Here’s another one fer ya: http://www.economist.com/blogs/freeexchange/2010/05/petrol_taxes
quote: America notably has one of the lowest national petrol tax rates of any developed nation. The rate was last increased in 1993, and its value has eroded significantly since then, in real terms and relative to the market price of oil. It’s an absurd state of affairs given America’s dependence on oil. It’s more ridiculous still when one considers that the federal government has been running short of funds to pay for and maintain its highways for years, and the federal highway trust fund is basically dry. America can’t afford its infrastructure.
And: http://www.businessweek.com/bwdaily/dnflash/content/may2008/db2008051_596535.htm is an interesting read.
That’s all the time I’m spending on this. Good night.
Sorry, me again. I had a non sequitur in my first comment. What I should have said was, upon reading this quote from same source: “From 2003 to 2007, Exxon’s earnings grew by 89%, while income taxes grew by 170%. Much of that growth was overseas. Oil-producing countries charge companies like Exxon dearly to dig for oil. Arrangements vary from country to country, but Russia and Libya charge companies up to 90% of the revenues they collect for extracting oil, according to Fadel Gheit, senior analyst for Oppenheimer (OPY). These arrangements—whether production share agreements or royalty contracts—are not disclosed by companies and governments.” Given these statistics I would think that Big Oil would rather drill at home in the USA. How’s that refudiation thingy workin’ fer ya?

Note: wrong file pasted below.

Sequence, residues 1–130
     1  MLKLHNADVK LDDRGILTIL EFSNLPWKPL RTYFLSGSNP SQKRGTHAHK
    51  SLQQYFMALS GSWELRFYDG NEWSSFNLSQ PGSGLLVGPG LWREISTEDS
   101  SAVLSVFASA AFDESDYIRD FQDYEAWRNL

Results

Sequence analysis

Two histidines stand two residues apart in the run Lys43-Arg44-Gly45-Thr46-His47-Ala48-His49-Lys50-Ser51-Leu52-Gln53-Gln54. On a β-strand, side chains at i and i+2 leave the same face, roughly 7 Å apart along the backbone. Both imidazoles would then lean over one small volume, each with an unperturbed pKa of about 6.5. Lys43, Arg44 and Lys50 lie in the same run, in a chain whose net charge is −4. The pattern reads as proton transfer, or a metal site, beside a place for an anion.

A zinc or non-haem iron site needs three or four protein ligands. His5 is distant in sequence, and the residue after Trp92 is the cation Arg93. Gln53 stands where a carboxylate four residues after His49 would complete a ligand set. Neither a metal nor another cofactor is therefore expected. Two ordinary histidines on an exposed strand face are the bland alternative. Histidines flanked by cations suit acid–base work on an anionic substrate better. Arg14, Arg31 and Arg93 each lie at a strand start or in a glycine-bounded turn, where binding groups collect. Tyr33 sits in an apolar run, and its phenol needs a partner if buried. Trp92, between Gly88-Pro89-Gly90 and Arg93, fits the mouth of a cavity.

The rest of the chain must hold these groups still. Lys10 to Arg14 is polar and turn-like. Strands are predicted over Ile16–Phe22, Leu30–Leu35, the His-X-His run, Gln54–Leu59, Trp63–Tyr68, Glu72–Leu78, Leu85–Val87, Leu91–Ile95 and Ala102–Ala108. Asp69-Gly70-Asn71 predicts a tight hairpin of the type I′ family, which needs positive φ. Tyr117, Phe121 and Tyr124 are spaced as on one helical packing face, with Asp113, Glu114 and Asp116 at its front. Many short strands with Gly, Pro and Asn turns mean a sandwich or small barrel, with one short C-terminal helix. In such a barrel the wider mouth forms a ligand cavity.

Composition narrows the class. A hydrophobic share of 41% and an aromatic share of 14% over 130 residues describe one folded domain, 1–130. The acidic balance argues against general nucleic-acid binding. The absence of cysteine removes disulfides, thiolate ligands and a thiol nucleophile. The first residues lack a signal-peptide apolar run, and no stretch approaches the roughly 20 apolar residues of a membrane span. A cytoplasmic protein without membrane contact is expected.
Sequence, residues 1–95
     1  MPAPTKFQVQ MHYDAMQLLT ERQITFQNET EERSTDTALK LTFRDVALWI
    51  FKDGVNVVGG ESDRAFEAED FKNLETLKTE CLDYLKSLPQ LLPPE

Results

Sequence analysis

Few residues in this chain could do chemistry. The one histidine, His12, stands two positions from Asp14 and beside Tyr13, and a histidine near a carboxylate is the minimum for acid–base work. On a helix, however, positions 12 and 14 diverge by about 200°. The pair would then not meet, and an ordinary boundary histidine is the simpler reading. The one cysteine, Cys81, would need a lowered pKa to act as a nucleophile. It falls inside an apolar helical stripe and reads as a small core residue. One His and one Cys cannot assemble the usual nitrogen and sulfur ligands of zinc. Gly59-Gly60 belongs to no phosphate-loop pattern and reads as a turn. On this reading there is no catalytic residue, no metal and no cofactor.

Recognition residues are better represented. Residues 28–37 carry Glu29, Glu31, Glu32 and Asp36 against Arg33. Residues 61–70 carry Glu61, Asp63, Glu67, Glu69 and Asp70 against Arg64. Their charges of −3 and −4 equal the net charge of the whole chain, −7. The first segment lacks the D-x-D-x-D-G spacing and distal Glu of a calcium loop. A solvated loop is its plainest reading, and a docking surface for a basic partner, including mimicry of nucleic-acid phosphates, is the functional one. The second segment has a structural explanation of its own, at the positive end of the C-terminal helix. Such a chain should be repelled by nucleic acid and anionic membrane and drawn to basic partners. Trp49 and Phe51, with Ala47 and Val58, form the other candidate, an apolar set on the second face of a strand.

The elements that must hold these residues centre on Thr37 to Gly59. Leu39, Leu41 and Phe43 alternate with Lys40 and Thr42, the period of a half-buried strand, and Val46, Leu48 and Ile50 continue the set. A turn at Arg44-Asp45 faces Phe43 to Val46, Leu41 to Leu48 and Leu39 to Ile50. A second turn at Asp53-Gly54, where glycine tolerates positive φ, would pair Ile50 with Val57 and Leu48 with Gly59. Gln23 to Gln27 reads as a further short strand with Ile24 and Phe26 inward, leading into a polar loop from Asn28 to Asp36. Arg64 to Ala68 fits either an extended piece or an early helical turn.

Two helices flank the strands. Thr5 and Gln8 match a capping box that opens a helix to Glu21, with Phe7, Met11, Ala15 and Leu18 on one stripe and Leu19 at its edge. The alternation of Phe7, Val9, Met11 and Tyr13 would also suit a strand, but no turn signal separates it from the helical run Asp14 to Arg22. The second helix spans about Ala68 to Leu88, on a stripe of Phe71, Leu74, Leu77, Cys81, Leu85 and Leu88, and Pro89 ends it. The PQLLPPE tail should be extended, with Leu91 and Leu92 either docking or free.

If you think the standard of living in any of those high tax countries is better, then by all means move there. And i bet it not American workers that man the rigs in these other countries. They are just using the oil companies expertise in drilling.
If you think taxes don’t affect drilling in areas who think taxes will spur their economies, here’s a wakeup call:
“The industry, however, warns new taxes are already discouraging future exploration and development in newer, more expensive projects needed to boost waning production in Alaska’s oil patches.”
Then there’s the government closing oil rich reserves to drilling for enviro reasons like ANWR.
I’ll never understand people who think that taxing companies will benefit taxpayers and consumers as well as job creation. I think the taxes should be on the consumers so that they can be more transparent on what the governments stick us for as it all ends up in the product’s market price. The only other thing that effects commodity prices is hedge hording. Large financials such as Morgan Stanly did that on market speculation.
As for the oil companies making huge profits, have you ever heard of supply and demand. since oil is a world wide commodity and supply can quite meet demand, you have prices going up. Exxon is not the largest player on the market and much of the oil or gas is imported.
So if your wining about the price of gas why not let the oil and gas companies increase domestic production buy opening fields and not taxing them? Only certain fees could apply for certain regulatory agencies.